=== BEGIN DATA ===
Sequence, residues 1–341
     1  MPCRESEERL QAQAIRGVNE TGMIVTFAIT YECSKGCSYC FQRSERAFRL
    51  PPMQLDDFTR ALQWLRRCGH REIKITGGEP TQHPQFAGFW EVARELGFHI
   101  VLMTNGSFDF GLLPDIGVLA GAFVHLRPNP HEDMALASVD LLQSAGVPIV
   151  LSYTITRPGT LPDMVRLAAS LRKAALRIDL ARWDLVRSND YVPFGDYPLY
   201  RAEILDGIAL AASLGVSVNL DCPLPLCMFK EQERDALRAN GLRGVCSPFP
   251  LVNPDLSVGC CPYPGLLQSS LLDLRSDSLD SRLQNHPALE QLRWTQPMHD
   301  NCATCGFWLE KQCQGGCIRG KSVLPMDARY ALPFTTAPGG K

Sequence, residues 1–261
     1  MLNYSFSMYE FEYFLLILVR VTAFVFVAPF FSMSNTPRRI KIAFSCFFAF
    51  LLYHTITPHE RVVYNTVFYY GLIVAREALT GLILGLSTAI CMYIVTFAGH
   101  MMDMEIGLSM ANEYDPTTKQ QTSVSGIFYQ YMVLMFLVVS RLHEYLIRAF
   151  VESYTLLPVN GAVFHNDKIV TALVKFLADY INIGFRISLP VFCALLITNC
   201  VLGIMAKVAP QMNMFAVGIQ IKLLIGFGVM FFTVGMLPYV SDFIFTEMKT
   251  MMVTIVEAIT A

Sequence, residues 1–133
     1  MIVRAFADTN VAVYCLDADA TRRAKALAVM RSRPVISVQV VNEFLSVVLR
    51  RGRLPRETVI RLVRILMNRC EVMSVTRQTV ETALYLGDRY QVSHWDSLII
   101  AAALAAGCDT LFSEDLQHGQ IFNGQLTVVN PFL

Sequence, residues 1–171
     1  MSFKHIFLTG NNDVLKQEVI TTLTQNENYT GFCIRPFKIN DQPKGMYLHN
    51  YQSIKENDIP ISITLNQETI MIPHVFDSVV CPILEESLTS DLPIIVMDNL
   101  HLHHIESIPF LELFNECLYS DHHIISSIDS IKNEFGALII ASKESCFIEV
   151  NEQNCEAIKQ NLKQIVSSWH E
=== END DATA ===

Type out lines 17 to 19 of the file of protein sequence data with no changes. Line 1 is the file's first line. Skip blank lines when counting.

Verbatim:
     1  MIVRAFADTN VAVYCLDADA TRRAKALAVM RSRPVISVQV VNEFLSVVLR
    51  RGRLPRETVI RLVRILMNRC EVMSVTRQTV ETALYLGDRY QVSHWDSLII
   101  AAALAAGCDT LFSEDLQHGQ IFNGQLTVVN PFL